Silicon valley icon Marc Andreessen explores investing, decision making, and the art of solving unsolvable problems.
In this discussion, Andreessen reveals why the Internet has become the conduit for some people to disrupt traditional power structures and for others to enforce them, optimistic and pessimistic scenarios for the future of the Internet, assessing judgment, and the book he turns to for insight.
Available now on: YouTube | Apple Podcasts | Spotify | Transcript
Andreessen is a co-founder and general partner at the venture-capital firm Andreessen Horowitz, and has invested in companies such as Facebook, Pinterest, Twitter and Skype, among others. He co-created the highly influential Mosaic internet browser and co-founded Netscape, and has been named one of the 100 most influential people in the world by Time.
Here are a few highlights from the conversation:
It’s like, the way that power has been exercised in our society through these decades of mass systems has been basically people in conference rooms arguing with each other over control basically of these mass mechanisms.
And part of it is kids now are growing up on the internet in some fundamental way. And so we see kids now from all over the world who walk in and they are far more educated and skilled already to be able to do a startup or create new software or do any of these things than I was at their age, because they’ve learned on the internet.
What happens is you just as you age, you just naturally build up all of this scar tissue and you have all these cautionary lessons in your head all the time.
I used to say this to try to exaggerate to make the point, but now I don’t think I’m exaggerating, which is I no longer think there are any bad ideas.
The reality is the kids that make new things work from scratch, it actually turns out that they actually have been deep in the domain for a long time. In almost every case they’ve been thinking hard about the problem that they’re trying to solve.
…one of the ways to offset that is to quite literally have the mental model for how somebody else would think about the same situation. And in a way that’s not threatening to you.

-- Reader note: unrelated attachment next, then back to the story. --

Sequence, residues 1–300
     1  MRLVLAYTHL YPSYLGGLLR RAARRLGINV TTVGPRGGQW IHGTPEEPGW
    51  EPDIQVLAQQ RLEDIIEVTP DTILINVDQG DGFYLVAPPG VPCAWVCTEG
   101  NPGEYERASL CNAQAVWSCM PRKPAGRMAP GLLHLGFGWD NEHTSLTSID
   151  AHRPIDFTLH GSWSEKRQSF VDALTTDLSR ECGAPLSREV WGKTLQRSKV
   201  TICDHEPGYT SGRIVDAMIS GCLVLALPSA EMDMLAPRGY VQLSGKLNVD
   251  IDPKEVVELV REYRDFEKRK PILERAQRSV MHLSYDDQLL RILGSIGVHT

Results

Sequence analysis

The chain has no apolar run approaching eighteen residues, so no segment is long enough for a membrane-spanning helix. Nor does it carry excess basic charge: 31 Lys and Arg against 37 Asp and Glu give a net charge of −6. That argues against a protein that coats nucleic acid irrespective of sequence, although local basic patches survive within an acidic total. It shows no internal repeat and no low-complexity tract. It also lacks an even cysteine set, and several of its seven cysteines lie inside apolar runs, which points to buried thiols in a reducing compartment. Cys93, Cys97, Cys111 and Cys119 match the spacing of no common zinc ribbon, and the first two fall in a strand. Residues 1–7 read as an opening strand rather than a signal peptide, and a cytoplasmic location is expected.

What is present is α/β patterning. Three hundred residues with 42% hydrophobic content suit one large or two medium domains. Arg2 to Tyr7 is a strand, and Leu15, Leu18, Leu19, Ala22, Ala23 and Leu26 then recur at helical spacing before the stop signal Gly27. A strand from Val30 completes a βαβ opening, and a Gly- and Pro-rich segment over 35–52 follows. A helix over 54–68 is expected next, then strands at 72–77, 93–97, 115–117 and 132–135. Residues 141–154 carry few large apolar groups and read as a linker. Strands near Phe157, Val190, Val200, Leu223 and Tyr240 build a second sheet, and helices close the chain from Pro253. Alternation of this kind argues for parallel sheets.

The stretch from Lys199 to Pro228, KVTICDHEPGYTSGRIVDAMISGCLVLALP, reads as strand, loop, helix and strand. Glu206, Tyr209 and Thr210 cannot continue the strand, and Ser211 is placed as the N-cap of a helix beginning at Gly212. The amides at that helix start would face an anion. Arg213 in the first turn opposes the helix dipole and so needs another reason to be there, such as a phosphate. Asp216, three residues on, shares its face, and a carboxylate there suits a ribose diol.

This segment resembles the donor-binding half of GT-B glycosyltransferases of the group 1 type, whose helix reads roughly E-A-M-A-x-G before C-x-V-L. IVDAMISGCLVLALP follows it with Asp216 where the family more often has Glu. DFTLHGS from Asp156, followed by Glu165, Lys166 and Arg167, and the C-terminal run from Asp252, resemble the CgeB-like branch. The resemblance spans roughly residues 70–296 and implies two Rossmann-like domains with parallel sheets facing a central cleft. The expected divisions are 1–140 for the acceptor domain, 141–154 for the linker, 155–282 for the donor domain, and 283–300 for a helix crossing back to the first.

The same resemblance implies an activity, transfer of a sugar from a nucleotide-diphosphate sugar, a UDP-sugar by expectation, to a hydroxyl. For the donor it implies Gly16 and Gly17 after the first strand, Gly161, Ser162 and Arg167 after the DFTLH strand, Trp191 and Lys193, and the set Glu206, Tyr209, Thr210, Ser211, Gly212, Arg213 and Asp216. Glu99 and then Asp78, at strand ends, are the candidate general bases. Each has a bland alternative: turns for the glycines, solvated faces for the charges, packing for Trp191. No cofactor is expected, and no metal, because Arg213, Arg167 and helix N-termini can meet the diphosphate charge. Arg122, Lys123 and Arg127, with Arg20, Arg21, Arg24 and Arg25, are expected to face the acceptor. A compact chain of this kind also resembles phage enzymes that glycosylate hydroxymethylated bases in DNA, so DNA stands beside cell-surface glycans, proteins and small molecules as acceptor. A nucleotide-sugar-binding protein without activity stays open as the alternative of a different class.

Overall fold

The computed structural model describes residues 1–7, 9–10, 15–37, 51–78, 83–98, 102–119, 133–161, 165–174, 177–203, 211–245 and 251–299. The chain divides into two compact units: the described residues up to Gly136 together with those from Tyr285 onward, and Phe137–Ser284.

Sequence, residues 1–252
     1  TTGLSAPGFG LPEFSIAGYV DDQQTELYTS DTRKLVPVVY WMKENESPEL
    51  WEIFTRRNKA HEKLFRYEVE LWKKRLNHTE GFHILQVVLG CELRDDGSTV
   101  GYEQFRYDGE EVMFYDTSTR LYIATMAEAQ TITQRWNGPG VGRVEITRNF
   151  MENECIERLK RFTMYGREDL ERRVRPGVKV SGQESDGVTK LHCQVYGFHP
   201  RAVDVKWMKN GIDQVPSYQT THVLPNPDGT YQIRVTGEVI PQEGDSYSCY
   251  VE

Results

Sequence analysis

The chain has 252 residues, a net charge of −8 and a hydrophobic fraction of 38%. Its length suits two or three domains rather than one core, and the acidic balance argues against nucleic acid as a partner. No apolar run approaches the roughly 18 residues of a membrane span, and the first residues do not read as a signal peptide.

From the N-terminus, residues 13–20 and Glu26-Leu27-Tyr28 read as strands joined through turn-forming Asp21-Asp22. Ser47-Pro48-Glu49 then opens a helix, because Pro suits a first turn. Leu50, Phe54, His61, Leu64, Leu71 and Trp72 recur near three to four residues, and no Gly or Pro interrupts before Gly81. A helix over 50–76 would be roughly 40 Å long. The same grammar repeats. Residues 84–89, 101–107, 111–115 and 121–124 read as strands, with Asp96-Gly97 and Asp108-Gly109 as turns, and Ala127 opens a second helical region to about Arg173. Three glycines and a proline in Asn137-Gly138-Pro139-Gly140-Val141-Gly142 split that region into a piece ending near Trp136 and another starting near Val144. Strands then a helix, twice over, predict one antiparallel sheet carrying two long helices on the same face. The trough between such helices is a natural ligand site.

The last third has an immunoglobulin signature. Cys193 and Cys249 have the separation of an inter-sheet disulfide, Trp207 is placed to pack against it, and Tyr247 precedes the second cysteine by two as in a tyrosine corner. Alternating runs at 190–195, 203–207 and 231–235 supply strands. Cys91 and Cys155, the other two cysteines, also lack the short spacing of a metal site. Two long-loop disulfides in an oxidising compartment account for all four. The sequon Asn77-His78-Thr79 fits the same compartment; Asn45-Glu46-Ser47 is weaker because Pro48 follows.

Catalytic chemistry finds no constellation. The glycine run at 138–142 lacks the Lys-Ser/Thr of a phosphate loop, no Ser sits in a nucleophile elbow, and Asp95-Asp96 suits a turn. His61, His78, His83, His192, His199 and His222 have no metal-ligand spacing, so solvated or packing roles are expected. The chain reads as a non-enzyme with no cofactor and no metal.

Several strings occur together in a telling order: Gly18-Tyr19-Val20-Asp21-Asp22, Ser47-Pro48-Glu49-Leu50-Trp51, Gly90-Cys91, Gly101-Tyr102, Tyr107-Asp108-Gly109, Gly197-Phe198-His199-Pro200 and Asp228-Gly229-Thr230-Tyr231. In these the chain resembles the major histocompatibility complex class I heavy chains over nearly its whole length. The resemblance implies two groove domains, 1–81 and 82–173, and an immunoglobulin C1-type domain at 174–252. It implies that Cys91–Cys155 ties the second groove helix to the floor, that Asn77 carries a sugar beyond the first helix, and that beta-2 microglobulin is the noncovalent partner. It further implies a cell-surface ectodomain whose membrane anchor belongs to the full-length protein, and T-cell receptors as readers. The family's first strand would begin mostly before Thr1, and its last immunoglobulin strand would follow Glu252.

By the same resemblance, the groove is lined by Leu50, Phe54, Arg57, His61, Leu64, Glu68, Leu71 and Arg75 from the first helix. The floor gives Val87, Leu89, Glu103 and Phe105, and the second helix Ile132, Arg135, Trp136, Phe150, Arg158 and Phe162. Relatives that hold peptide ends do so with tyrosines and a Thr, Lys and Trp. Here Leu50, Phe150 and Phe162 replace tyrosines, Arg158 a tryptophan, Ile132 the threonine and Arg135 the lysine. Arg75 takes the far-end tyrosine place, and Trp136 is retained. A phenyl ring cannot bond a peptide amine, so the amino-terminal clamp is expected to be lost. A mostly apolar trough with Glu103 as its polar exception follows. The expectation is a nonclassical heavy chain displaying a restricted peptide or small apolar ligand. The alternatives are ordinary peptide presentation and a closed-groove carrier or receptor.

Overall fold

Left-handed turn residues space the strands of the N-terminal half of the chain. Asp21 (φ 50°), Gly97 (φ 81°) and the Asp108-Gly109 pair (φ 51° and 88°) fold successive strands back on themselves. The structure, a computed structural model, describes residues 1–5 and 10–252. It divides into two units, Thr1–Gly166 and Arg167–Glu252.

- The WEIRDest People in the World by Joseph Henrich
- The Machiavellians: Defenders of Freedom by James Burnham
- The Revolt of The Public and the Crisis of Authority in the New Millennium by Martin Gurri
- The Ancient City by Numa Denis Fustel De Coulanges
- Men, Machines, and Modernity by Elting Morison
- The Square and the Tower by Niall Ferguson
- The Organization Man by William H. Whyte
- Orwell’ Revenge by Peter Huber.
- Thinking in Bets by Annie Duke
- 00:00 – Intro
- 02:13 – Why Marc “reads backwards” to understand the world
- 03:57 – Societies reaction to new technology
- 07:51 – How technology influences social hierarchy
- 16:00 – The idea of free information
- 17:48 – Optimistic side for the next ten years
- 23:00 – Pessimistic side for the next ten years
- 26:25 – How to not get burned from past failures
- 29:31 – How to extract the right lessons from an experience
- 34:13 – How do you assess the judgement of founders
- 38:40 – The three types of venture investments
- 42:23 – Decision making process a16z uses to make investments
- 47:44 – How probabilistic thinking can help you make great decisions
- 51:29 – The problem with the education system
- 59:28 – Political policy that encourages innovation?
- 01:06:10 – Mental Model of Elon Musk and others
- 1:12:10 – How to not become complacent
- 1:14:04 – The last book Marc re-read